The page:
Before the major league baseball season gets underway Thursday, there is one more tradition that takes place on March 31, 2021. That's when USDA is scheduled to release its Prospective Plantings report and March 1 Grain Stocks at 11 a.m. CDT.
In the first two weeks of March, USDA sends out surveys to approximately 80,000 farmers in an effort to understand planting intentions roughly a month or more ahead of actual planting. Good intentions sometimes go astray and the unfortunate thing about this report is the market's confidence in March planting estimates is often misplaced.
Last year's corn planting estimate was 6.2 million acres higher than the final tally. According to USDA, the largest soybean miss in the last 20 years was 8.5 million acres. In spite of the inconsistent track record, the market has a history of responding to USDA's planting survey.
The unique thing about 2021 is with spot corn prices trading near their highest level in over seven years and spot soybean prices near their highest in over six years, there is plenty of incentive to plant both crops. The new-crop soybean/corn ratio at 2.61 theoretically favors more soybeans, but traditional commitments to ethanol and cattle favor corn.
Last year's three-crop total of 218.2 million acres, plus roughly 9 million prevented planting acres, makes 227 million acres available, provided the prevented acres return to service. According to Dow Jones, analysts expect 93.1 million acres of corn plantings and 90.0 million acres of soybeans -- a reasonable early guess. One possible surprise is that more acres could find their way into this year's planting mix than we currently suspect.
As far as ramifications for new-crop prices, 93.0 million corn acres only adds roughly 200 million bushels of corn to ending corn stocks in the new season. Even if the corn total comes in at 94.0 million acres or higher, any selling in December corn will likely be limited this early in the season.
Dow Jones' survey estimate of 90.0 million acres for soybeans is bullish for soybean prices, as it does nothing to add ending stocks to the expected new-crop total and leaves no margin for adverse weather. Just because the market needs more soybean acres doesn't mean more will be provided, and it is difficult for soybeans to compete with farmers' preferences for corn.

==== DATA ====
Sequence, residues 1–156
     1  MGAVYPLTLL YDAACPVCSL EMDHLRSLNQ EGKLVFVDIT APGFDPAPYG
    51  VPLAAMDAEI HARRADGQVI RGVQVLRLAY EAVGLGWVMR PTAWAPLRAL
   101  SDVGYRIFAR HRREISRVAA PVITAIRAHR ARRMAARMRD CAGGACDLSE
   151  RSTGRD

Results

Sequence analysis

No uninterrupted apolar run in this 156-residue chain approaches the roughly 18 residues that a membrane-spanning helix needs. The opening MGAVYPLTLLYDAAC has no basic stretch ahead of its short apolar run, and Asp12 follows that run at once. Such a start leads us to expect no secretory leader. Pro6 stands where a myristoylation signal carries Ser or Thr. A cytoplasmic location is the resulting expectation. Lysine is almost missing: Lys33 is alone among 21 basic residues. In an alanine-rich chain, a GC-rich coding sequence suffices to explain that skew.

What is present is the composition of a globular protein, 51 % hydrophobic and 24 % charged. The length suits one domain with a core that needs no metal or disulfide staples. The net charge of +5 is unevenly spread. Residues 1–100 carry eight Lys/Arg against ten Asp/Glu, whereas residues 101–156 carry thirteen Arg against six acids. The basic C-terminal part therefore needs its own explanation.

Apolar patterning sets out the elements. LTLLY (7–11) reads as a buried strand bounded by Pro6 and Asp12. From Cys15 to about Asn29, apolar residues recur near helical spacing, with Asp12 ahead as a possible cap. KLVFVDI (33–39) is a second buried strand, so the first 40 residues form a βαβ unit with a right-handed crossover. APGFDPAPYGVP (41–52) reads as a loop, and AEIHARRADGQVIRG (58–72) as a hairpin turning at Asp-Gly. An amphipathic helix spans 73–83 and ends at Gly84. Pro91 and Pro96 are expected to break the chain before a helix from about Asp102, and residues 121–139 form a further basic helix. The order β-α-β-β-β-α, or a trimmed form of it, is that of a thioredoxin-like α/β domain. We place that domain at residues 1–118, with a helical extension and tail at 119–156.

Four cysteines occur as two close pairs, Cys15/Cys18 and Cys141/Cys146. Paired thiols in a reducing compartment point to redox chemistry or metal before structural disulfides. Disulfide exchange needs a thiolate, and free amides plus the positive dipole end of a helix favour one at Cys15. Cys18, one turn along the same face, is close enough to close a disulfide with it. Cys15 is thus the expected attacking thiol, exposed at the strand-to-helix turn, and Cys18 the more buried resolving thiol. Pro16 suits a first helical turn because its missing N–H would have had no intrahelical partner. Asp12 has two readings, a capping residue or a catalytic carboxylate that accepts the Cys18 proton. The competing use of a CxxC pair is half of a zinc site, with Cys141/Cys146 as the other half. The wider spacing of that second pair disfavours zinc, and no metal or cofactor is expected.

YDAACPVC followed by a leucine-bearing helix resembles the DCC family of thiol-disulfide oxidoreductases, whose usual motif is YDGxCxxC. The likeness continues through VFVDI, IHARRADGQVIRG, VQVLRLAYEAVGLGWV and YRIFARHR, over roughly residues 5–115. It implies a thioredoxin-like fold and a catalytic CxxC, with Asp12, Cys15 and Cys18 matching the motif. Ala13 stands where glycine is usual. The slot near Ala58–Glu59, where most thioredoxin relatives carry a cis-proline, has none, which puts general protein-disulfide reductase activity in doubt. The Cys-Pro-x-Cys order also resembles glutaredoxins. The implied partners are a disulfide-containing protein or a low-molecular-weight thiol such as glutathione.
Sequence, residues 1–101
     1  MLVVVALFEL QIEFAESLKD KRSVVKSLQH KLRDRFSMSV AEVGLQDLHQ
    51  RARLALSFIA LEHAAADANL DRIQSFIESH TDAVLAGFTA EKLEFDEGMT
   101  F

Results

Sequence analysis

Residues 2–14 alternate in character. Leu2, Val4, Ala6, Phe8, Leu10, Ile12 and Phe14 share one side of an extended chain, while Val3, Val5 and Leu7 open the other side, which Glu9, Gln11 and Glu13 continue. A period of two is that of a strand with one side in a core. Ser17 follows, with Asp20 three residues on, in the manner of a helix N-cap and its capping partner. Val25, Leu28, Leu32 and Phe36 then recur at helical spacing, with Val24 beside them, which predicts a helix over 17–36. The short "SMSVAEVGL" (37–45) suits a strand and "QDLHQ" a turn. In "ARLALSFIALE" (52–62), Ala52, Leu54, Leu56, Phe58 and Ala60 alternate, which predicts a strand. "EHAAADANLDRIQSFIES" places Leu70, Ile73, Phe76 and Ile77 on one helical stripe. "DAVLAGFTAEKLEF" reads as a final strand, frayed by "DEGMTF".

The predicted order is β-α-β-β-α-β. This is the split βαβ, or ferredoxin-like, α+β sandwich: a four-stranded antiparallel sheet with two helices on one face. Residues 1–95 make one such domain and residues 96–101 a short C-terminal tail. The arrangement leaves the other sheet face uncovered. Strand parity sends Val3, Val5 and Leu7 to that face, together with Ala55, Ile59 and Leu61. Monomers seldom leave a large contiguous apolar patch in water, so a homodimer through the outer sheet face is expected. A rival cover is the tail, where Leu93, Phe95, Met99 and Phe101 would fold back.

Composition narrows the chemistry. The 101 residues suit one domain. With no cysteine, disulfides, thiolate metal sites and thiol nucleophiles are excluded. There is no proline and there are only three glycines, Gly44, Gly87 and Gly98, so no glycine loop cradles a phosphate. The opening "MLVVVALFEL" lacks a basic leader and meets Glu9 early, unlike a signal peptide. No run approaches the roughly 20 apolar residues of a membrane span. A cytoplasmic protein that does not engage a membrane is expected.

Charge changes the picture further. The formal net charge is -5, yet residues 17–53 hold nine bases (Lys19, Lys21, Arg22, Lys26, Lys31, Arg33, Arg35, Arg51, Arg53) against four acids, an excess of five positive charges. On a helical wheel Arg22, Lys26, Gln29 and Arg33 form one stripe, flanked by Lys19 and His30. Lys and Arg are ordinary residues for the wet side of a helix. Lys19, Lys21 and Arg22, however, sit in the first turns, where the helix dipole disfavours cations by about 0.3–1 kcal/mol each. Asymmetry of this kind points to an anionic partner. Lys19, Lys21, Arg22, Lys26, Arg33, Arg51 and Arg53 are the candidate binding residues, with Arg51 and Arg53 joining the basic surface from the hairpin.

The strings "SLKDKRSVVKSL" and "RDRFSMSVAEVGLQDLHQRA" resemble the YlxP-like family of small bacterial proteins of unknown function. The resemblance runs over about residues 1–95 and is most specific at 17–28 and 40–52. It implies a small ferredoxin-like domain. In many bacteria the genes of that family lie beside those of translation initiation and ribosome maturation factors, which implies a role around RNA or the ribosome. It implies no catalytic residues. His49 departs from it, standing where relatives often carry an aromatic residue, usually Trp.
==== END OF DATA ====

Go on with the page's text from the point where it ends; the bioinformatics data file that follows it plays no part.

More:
On a side note, the National Cotton Council's February survey expects 11.5 million acres of cotton to be planted in 2021, down from 12.1 million acres a year ago. With sorghum prices currently near eight-year highs, it wouldn't be surprising to see U.S. sorghum acres offer cotton some competition and add to last year's 5.9-million-acre total.
MARCH 1 GRAIN STOCKS
For the past several reports, U.S. corn stocks have tended to be less than expected and corn's unusually strong basis would support that possibility happening again this time. Dow Jones' survey is expecting 7.778 billion bushels (bb) of March 1 corn stocks, a six-year low if the survey is correct.
Simple analysis has a hard time estimating corn stocks as low as Dow Jones' survey does, as there were only 1.093 bb of corn shipped in the first half of the season. However, it is possible end users bought corn earlier than usual, not wanting to compete with China's rising demand. The survey's range of guesses is from 7.573 bb to 7.980 bb, but there is enough uncertainty in corn to see a number land outside the estimated range.
Dow Jones' survey expects 1.561 bb of March 1 soybean stocks, the lowest in five years, if correct. The spread of guesses is wide and hints at a nervous uncertainty, ranging from 1.455 bb to 1.825 bb. Export shipments got off to a fast start in 2020-21 and continue to trickle in, even as export business has shifted to Brazil. I suspect Dow Jones' estimate will be close, but a surprise is always possible.
For wheat, Dow Jones' survey estimates 1.272 bb of March 1 stocks, the lowest in six years, if true. The funny thing is that even though wheat supplies are down, the demand total for three-quarters of wheat use hasn't changed much the past six years. Wheat supplies probably have the smallest surprise potential in Wednesday's report, but we never know until we see what USDA says.
Join DTN's webinar at noon CDT, Wednesday, March 31. I'll explain how the reports went and what USDA's numbers will mean for corn, soybean and wheat prices. Feel free to bring questions. Register now at: https://ag.dtn.com/…
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Todd Hultman can be reached at firstname.lastname@example.org
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